Differential activity of P-glycoprotein in normal blood lymphocyte subsets


Dr ChristofLudescher Department of Haematology and Oncology, University of Innsbruck, Anichstrasse 35, A-6020 Innsbruck, Austria.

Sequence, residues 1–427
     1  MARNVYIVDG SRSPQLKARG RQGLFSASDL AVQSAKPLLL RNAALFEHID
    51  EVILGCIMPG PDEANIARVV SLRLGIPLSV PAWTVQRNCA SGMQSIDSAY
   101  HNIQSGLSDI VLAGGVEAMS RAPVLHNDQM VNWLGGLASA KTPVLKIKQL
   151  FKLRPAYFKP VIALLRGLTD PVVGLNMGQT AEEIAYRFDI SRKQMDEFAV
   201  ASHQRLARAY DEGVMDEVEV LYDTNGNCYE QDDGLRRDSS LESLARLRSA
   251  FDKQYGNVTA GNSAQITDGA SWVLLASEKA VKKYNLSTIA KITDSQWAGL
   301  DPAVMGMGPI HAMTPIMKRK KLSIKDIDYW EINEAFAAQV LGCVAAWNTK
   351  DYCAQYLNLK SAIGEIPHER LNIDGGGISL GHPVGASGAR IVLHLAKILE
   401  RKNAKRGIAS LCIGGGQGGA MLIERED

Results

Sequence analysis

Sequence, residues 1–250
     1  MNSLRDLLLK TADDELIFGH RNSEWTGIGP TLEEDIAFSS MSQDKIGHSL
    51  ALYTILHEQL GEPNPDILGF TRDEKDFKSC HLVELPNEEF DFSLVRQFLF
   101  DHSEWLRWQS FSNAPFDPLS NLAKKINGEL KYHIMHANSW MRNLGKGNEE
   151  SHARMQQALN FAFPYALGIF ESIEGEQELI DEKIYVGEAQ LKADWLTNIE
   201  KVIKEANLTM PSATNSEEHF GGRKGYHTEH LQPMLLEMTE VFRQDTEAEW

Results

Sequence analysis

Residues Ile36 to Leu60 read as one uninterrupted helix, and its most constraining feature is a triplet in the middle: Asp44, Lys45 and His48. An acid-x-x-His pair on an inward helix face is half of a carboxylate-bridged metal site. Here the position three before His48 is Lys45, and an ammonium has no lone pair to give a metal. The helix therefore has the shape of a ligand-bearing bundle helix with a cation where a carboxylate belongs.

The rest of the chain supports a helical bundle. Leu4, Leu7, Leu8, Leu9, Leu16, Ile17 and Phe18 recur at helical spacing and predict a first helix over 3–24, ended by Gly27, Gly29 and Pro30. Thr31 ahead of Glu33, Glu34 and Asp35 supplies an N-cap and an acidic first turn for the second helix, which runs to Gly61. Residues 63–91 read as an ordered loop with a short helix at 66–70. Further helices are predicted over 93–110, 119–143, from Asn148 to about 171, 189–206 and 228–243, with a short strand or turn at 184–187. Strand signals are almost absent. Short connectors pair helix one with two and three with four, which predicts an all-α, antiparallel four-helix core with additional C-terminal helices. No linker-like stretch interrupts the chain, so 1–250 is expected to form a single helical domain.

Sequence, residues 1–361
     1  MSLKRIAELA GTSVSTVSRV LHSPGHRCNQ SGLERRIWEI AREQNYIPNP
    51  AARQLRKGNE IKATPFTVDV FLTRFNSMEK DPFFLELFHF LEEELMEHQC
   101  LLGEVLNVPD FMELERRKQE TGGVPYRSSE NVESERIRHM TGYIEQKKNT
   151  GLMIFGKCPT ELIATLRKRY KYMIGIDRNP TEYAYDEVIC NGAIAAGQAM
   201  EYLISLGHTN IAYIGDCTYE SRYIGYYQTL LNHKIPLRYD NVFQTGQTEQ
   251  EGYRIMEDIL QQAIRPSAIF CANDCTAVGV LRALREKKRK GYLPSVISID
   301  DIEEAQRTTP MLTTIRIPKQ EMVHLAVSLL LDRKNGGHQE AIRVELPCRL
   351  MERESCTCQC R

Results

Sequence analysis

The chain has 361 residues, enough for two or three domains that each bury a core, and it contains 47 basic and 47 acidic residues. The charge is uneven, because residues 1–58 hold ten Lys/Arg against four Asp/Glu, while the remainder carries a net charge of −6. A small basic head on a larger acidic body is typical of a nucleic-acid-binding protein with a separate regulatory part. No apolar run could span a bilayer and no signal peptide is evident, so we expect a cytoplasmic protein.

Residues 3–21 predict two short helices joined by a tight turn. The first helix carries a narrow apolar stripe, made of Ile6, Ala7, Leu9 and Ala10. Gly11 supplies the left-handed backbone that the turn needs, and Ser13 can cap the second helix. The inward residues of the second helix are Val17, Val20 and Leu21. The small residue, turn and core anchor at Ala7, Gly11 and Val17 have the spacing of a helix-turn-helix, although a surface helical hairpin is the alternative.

To better understand the phenomenon of P-glycoprotein (P-170) expression we investigated lymphocyte subpopulations for P-170 function in healthy volunteers. Studies were based on three-colour flow cytometry including the fluorescent probe rhodamine 123 (Rh123), which is transported by P-170. Marked Rh123 efflux was detected in CD8+ T lymphocytes with CD8+/CD45RA+ T cells (naive cells) showing significantly higher P-170 activity as compared with CD8+/CD45RA cells (P < 0.04). Vice versa, CD8+/CD45RO+ T cells (memory cells) demonstrated less P-170 activity than CD8+/CD45RO cells (P < 0.04). P-170 function was less prominent in CD4+ T cells, however, Rh123 efflux was higher in the CD4+/CD45RA+ and CD4+/CD45RO subpopulations (P < 0.025) corresponding to the CD8+ results. Dye efflux differed significantly between activated and non-activated CD8+ and CD4+ as well as CD8+/CD11b+ and CD8+/CD11b T lymphocytes. Since CD16+ natural killer cells (NK) expressed the highest level of P-170, the NK cytotoxicity against 51Cr-labelled K562 target cells was assayed in the presence or absence of P-170 inhibitors. NK related cytotoxicity was significantly reduced in the presence of R-verapamil and dexnigaldipine-HCP in a dose-dependent manner.  The differential expression of P-170 activity in naive and memory T cells together with the reduced NK related cytotoxicity in the presence of MDR-modulators suggest a physiological role of P-170 in immunological functions of these lymphocyte subsets. Consequently, the addition of MDR modulators to conventional chemotherapy as a strategy to overcome drug resistance should consider possible adverse immunosuppressive effects.